Richard Branson on What Makes a True Entrepreneur

Richard Branson on What Makes a True Entrepreneur

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My colleague and I have volunteered to create a one-day course on entrepreneurship at a school where I am currently a student. We think that entrepreneurship isn’t just a label for start-up companies and their CEOs, but an attitude and approach that helps a person to take or make opportunities and develop them further. What do you think? – Noelle Decuypere

As a label, the word “entrepreneur” really is fascinating. When my friends and I were starting up our first Virgin businesses in the early ‘70s, no one seemed to understand what we were doing.

Some important people called us entrepreneurs, but they used the word in a derogatory way, hinting that we were adventurers, out to upset the order of things, and perhaps not to be trusted.

We certainly didn’t describe ourselves as entrepreneurs at that time, because that would have been met with some strange looks.

Is entrepreneurship a lifestyle choice?

These days, the number of people who are working as entrepreneurs has increased so much that that this career path almost qualifies as a lifestyle choice.

Defining “entrepreneur” has become more difficult because it now means so many different things to so many different people – all of us speak from our own experiences.

The thing is, our critics were partly right: We really were out to disrupt the order of things. Then and now, when we’re starting up a new Virgin business, we don’t just want to carry out a simple moneymaking exercise, but to make a positive change in people’s lives and give consumers a better deal.

 

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Whichever product or service we offer, we want it to be a lot better than all the rest.

Doing things differently can work

Our approach, which I would describe as entrepreneurial, has proven to be a real advantage. For instance, all but one of Virgin Atlantic’s original competitors have gone out of business since we entered the market in the ‘90s.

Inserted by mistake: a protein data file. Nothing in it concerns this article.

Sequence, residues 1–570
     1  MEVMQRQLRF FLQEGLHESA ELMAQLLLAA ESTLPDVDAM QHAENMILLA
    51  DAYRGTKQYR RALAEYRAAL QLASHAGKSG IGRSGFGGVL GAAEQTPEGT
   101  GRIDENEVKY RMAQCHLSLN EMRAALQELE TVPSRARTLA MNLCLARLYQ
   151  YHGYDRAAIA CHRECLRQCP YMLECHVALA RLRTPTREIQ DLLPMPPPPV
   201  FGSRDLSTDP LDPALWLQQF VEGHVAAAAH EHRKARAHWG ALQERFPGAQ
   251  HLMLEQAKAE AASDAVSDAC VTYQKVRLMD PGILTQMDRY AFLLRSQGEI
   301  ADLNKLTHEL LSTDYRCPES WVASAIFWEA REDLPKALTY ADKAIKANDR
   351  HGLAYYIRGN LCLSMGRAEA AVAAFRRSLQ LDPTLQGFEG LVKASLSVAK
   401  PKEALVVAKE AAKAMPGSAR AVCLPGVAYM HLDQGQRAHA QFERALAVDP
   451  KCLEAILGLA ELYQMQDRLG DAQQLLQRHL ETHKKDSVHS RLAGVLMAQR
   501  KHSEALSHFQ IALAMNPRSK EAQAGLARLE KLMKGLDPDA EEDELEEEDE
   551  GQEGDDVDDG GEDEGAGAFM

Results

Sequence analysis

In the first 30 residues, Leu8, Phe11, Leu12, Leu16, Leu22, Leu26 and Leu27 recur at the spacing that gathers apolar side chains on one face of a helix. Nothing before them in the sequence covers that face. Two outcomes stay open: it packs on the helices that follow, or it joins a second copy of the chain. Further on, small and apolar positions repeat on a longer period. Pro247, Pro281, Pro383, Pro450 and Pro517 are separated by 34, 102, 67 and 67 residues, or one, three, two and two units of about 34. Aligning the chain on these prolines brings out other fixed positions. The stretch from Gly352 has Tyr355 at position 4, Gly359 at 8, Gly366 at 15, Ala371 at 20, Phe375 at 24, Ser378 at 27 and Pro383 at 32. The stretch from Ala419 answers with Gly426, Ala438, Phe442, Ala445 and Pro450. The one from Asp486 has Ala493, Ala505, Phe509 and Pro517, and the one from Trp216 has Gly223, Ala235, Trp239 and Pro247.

This happened for a number of reasons, but probably the most important one was their lack of innovation and bravery. We noticed this first when Virgin’s move into air travel was met with scepticism, and then after we showed the critics that air travellers wanted a different type of experience – flights that included entertainment and terrific service – we saw that most of our competitors were too slow to react.

From my perspective, an entrepreneur isn’t just someone who launches a business; the desire to innovate then prompts that person to keep on striving to make positive changes.

Companies need to be flexible: This starts with the people at the top, who must have a real desire to disrupt new markets they enter, and to react nimbly to changing circumstances at established businesses.

It’s also probably fair to say that you can be successful in business without being an entrepreneur – keeping the money coming in steadily without looking for the next opportunity to expand and improve.

7 Things Great Entrepreneurs Would Never Do

Entrepreneurship is fearless

What makes the difference is fearlessness. The best businesses offer a product or service that has never previously been available.

While you can almost always conduct research and test the marketplace before a launch, an entrepreneur will always be, to some extent, jumping into the unknown, as the very nature of a new product means you’re venturing into new territory.